I spent some time playing with Alex King’s WP Style Switcher plugin this evening. The result is there in the navigation menu, a section called styles. Click an item in that list and this site will get a fresh coat of paint. Very groovy indeed! What a great resource for those new to WP or those who, like me, have little artistic talent but would like to use something other than the default style. Not only does Alex provide the plugin to allow style switching but he also hosts an archive of styles by him and others. Check it out and keep up with the latest additions via the RSS feed.
I guess it figures. The minute I finish posting the final version of XBit 1.0 online I find a new bug. Update the Read Me file, update the website, rebuild with optimizations on and debugging info off, update the various software tracking sites and then kick back and relax right? You’ve earned it… right?
So it’s time to check email. Ahh, a new issue of TidBITS! Pop back into XBit, tell it to download the latest issue and that’s when I see it. There seems to be a problem parsing the second article. What could be causing this I wonder? Well I guess that relaxing part will have to come later. Version 1.0.1 needs my attention!
Update: Posted 1.0.1 online with the fix to the parser. According to my server logs only 1 or 2 people actually got the initial build and XBit will notify them if they need to update.
The final 1.0 release for XBit will be happening this week. It’s taken a heck of a lot longer then I had initially hoped for but I guess that’s how things work out when you have to schedule your programming time around a full-time job, the gym, Aikido classes and Japanese study. The first posted public beta was Dec 6th, 2003. Wow! And I thought the guys at Omni were taking their sweet time with their latest thing.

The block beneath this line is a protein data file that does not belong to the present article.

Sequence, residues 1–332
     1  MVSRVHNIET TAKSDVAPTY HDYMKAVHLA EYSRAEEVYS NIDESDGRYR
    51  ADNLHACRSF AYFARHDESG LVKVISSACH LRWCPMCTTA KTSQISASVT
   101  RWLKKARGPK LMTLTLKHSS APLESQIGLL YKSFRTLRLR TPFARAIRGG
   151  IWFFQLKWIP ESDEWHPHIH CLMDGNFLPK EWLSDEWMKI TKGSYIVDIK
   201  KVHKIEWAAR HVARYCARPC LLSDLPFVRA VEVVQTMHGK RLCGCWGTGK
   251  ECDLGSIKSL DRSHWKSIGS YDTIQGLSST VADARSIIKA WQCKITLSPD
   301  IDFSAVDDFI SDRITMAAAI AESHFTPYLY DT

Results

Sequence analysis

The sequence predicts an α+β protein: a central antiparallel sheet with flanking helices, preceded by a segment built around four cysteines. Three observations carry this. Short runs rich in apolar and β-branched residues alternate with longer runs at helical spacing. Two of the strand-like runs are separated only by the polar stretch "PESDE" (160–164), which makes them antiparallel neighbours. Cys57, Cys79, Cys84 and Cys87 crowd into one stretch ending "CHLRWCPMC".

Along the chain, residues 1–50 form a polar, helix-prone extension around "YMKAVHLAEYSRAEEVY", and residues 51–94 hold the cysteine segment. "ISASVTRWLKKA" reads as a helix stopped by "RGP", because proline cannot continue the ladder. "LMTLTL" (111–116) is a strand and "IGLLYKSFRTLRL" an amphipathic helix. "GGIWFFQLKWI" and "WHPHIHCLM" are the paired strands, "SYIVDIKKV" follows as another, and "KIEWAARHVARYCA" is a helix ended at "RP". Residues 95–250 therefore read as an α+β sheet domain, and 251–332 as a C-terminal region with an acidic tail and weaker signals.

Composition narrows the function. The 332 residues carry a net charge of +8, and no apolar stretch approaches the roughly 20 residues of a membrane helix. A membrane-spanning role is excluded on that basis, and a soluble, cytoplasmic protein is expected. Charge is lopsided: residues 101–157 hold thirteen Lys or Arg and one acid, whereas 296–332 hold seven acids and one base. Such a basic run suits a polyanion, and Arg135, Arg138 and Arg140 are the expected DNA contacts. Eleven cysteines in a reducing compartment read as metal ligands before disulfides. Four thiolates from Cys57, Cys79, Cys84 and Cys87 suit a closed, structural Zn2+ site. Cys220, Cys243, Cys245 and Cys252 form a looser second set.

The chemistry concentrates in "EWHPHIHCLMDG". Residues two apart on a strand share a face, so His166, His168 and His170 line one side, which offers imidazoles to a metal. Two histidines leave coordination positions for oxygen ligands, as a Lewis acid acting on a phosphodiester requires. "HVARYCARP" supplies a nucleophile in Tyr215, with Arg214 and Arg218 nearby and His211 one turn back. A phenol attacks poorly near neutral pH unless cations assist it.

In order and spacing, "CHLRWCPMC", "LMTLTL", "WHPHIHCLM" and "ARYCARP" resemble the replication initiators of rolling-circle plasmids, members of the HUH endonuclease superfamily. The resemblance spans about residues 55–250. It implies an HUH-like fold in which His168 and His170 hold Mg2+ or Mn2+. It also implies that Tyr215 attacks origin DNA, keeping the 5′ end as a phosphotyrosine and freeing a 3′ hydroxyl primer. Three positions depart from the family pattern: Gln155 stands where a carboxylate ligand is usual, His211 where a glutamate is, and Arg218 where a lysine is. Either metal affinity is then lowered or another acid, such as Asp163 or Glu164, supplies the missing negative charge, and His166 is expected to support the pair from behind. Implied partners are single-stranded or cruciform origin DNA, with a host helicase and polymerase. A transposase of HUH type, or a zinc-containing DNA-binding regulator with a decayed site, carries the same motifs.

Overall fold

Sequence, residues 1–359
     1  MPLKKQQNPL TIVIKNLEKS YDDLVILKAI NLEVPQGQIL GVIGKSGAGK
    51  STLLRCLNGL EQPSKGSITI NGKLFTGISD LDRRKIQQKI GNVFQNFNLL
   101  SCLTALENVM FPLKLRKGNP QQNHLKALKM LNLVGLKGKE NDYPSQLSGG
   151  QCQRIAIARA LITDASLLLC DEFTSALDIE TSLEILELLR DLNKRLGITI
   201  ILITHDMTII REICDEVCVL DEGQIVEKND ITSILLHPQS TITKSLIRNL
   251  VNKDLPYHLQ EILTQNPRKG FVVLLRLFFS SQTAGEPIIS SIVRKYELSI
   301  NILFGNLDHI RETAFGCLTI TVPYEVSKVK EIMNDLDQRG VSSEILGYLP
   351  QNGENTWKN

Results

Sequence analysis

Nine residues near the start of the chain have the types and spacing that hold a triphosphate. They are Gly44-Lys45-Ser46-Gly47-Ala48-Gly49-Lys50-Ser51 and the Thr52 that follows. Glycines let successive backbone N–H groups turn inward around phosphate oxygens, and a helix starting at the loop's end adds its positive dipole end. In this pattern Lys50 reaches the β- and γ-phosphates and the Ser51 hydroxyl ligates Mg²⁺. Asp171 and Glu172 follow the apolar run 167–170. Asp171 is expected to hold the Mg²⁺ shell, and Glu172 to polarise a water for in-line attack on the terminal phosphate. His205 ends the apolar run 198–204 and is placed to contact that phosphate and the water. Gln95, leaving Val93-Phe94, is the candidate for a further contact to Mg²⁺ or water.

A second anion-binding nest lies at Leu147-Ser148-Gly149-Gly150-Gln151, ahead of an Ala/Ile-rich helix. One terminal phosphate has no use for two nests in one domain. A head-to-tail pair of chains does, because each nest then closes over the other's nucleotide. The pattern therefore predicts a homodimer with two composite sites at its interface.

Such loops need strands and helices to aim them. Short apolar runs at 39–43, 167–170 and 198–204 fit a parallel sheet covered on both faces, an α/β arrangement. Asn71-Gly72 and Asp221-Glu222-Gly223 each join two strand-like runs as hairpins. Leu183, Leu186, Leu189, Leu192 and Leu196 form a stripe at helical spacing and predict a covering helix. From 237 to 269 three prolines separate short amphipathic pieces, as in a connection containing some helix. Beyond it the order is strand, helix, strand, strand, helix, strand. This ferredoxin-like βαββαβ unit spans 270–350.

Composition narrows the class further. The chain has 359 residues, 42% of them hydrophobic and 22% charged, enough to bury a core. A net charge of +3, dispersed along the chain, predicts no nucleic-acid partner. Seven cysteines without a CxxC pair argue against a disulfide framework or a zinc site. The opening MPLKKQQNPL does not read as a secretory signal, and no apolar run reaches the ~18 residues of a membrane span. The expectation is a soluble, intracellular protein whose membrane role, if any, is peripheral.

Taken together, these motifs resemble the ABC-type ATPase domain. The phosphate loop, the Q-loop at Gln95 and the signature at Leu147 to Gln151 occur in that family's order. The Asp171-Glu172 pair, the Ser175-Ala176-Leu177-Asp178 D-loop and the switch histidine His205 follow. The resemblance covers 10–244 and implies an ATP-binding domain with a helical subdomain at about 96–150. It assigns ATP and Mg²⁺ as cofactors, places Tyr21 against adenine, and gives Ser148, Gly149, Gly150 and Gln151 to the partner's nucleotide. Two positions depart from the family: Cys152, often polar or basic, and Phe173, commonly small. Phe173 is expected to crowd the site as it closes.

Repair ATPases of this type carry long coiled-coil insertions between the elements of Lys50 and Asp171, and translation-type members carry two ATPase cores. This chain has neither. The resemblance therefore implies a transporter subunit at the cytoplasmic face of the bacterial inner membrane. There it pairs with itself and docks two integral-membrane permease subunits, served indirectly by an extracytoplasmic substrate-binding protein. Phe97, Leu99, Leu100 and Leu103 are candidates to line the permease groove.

Next up, the website will need to be updated. No more info on the public beta. I will be extending the discounted price for a short while though. Just long enough for a press release to make the rounds and hopefully get us a little more exposure. I’m really looking forward to wrapping it all up and starting fresh. There are so many things that I’d love for XBit to do that I’ve had to cut from the 1.0 release. It should be fun to sit down and hammer out the features for the next release!
Today I was pleasantly surprised to learn that my default install of WordPress does not display email addresses in the comments. Why don’t all blogging tools work this way by default? Maybe there is a logical reason to be displaying email addresses that I am missing here. Try as I might though the only thing I can see resulting from this is more spam.
A quick jaunt through my news reader shows older versions of MovableType to be the main culprit here. Is it possible that this is still the default behavior in the latest releases? There was a time not too long ago that I didn’t have this blog and therefore a URL to leave behind. I have to say that I found it easier to lurk than to join the discussion and possibly have my email exposed to the creepy crawlies of the web. And what about those without blogs? Should they really be left out? Or worse yet, flooded with spam? I know my mother wouldn’t think twice* when filling out that comment form, but then again, she shouldn’t have to. As blogs grow and become more common to the wider, possibly less tech-savvy, web audience, we as maintainers should make sure that we don’t contribute to the volume of spam our visitors receive.
* That thought process would go something like this…
- nice article, maybe I’ll leave a comment
- name, OK
- email address, OK
- URL? What’s that?
- click the button
If you’re interested in an introduction to the current problems in the middle east I can’t recommend Noam Chomsky enough. My personal introduction to his work was the book “Power and Terror: Post-9/11 Talks and Interviews” and it was a very educational read for me. While I’ve been aware of the conflicts between Israel and Palestine I really had no idea of the history behind it. The fact that many educated people don’t understand the reasons behind the events of 9/11 in New York is a sorry position to find ourselves in. That the US government has been involved in and supportive of many such acts in other places is simply unacceptable.
The book itself is a short read coming in at just under 150 pages. As the title states, most of the content comes from speeches and interviews so the narrative is somewhat choppy. I am looking forward to reading more of his work though. Hopefully the citizens of the world’s most powerful country will educate themselves about their foreign policy and effect a change for the better.